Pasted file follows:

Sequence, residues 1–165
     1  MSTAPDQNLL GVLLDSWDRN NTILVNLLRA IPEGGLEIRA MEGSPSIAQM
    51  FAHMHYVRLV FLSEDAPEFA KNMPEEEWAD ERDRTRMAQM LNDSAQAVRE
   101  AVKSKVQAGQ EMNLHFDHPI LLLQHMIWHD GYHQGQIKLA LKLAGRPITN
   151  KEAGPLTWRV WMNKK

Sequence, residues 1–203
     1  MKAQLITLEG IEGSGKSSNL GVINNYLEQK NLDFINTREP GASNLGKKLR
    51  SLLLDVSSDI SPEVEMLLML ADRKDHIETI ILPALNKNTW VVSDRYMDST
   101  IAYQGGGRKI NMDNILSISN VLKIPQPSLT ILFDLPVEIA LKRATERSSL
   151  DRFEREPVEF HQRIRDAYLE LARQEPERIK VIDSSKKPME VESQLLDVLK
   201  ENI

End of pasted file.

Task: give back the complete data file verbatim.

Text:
Sequence, residues 1–165
     1  MSTAPDQNLL GVLLDSWDRN NTILVNLLRA IPEGGLEIRA MEGSPSIAQM
    51  FAHMHYVRLV FLSEDAPEFA KNMPEEEWAD ERDRTRMAQM LNDSAQAVRE
   101  AVKSKVQAGQ EMNLHFDHPI LLLQHMIWHD GYHQGQIKLA LKLAGRPITN
   151  KEAGPLTWRV WMNKK

Sequence, residues 1–203
     1  MKAQLITLEG IEGSGKSSNL GVINNYLEQK NLDFINTREP GASNLGKKLR
    51  SLLLDVSSDI SPEVEMLLML ADRKDHIETI ILPALNKNTW VVSDRYMDST
   101  IAYQGGGRKI NMDNILSISN VLKIPQPSLT ILFDLPVEIA LKRATERSSL
   151  DRFEREPVEF HQRIRDAYLE LARQEPERIK VIDSSKKPME VESQLLDVLK
   201  ENI